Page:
• Necleoli
    • Majority of DNA
  35. What are the different types of bacterial stains?
    • Gram stain
    • Acid fast
    • India Ink
    • Calcofluor White
    • Lactophenal Cotton blue
  36. What are the four components that make up the gram stain?
    • Crystal violet
    • iodine
    • alcohol decolorizer
    • safranin
  37. What are the 3 major needs for microbial growth?
    • carbon
    • nitrogen
    • ATP
  38. What are the two main catergories in microbial growth?
    • physical - temperature, pH
    • chemical - H2O, C & N
  39. What are the 3 primary groups based on temperature range?
    • Psychophiles - cold loving - 10 – 20◦
    • Mesophiles - moderate temperature loving - 20 – 40◦
    • Thermophiles - heat loving - 50 – 60◦
  40. Most bacteria grow best in what pH range?
    6.5 - 7.5
  41. What pH range do yeasts and molds prefer?
    5 - 6
  42. The force with which a solvent moves from an area of lower solute concentration to a solution of higher solute concentration
    osmotic pressure
  43. Shrinkage of the cell in hypertonic solutions.
  44. Require high salt concentration for growth
    Extreme halophiles
  45. Do not require high salt concentration but can tolerate up to 2%
    Falcultative halophiles
  46. What is needed for all organic compounds in cell
  47. What are other chemical requirements needed for microbial growth aside from carbon?
    Nitrogen, sulfure, phosphorus, oxygen and trace elements of iron, copper etc.
  48. How is oxygen handled by cells?
    • combining O2 with H atoms that were removed from organic compounds to form H2O
    • Process yeilds energy
    • Aerobic respiration
  49. Oxygen required for growth
    obligate aerobes
  50. Can grow with or without oxygen
    falcultative anaerobes
  51. Unable to use molecular oxygen
    obligate anaerobes
  52. Tolerate to oxygen but do not use it for growth
    aerotolerant anaerobes
  53. Decreased oxygen concentration
  54. What are 4 examples of essential compounds the organism is not able to synthesize on it's own?
    • Amino Acids
    • Purines
    • Pyrimidines
    • Vitamins
  55. What are 3 bacterial culture requirements?
    • sterile media
    • proper temperature
    • proper culture media to support growth of desired microorganisms
  56. What are 4 types of media?
    • Nutritive - basic components to support most bacterial growth
    • Enriched - extra nutrients added that encourages growth
    • Selective - inhibits growth of unwanted organisms through, salts, dyes, other chemicals
    • Differential - contain compounds that allow differentiation based on metabolic differences
  57. What are four types of bacterial division?
    • Binary fission - most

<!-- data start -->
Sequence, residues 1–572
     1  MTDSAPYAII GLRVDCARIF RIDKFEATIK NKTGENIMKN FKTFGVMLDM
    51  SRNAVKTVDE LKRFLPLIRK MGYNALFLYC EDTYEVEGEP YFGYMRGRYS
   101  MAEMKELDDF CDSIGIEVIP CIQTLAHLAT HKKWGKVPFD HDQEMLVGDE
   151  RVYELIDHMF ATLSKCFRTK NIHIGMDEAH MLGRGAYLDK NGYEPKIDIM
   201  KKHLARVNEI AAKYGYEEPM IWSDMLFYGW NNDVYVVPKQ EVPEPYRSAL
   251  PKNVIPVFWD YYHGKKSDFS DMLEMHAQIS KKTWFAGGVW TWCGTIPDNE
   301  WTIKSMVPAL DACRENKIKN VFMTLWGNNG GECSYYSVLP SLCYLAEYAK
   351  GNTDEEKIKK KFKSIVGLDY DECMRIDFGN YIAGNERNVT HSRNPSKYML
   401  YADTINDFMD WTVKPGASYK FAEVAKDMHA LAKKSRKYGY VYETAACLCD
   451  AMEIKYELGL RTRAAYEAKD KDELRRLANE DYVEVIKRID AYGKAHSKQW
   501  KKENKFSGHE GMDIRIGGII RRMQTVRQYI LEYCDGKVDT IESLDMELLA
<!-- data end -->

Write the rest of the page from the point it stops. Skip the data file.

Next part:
• Budding
    • Aerial Spore
    • Fragmentation
  58. Time for a cell to divide and it's population to double
    Generation time
  59. Little or no cell division
    Lag phase
  60. Exponential growth
    Log phase
  61. Population stabilizes
    growth rate = death rate
    Stationary phase
  62. Death is greater than growth
    Death phase or Log decline
  63. What are 4 methods for measuring microbial growth?
    • Plate counts
    • density measurment (turbidity)
    • direct microscopic count
  64. What is a bacterial colony?
    • Population of cells arising from a single bacterium
    • Visible with the naked eye on culture medium
  65. Sum of all chemical reactions that occur in an organism.
    Either require or release enegery
  66. What are the two classes of chemical reactions?
    • Catabolism
    • Anabolism
  67. Identify the chemical reaction class:
    Release (E)
    breakdown complex organic compounds
    usually hydrolytic reactions
    exergonic reactions
  68. Identify the chemical reaction class:
    Reactions that require (E) to create new bonds
    Synthesis of complex organic compounds
    involve dehydration rxns
    generate materials for cell growth
  69. The following steps are included in what process:
    Bacteriophage attaches to bacterial cell wall
    Injects DNA into cell
    Synthesizes new phage DNA and protein coats
    Donor cell lysed and phage released
    Phage infects new bacterial cell
    Donor bacterial DNA recombines with reipient
  70. Organisms that colonize a host with causing disease
    Normal Flora
  71. Organism that does not normally cause disease but can become pathogenic under certain conditions
  72. A disease causing organism
  73. Manner in which a disease develops
  74. Ability of organism to cause disease
  75. Degree of pathogenicity
  76. disease constantly present in a certain population
  77. Disease aquired by many people in a given area in a short time
  78. Incidence of a specific disease
  79. # of deaths associated with a specific disease
  80. Organismm that lives at the expense of the host
  81. Organism that benefits from the host
  82. Organism that has a neutral affect on the host
  83. host infected with a pathogenic organism with manifesting disease
  84. infection aquired during hospitilization.
    nosocomial infection
  85. Aquired as an infant
    competes with pathogens for nutrient space
    sythesize nutrients in intestinal tract
    contributes to overall health of the host
    Normal Flora
  86. Self feeders
    use CO2
    also called lithotrophs
  87. Feed on others
    Require an organic C source
    also called organotrophs
  88. Nutrients from dead organic matter.
  89. Gene has gone through translation and produced a functional protein
    Expression (expressed gene)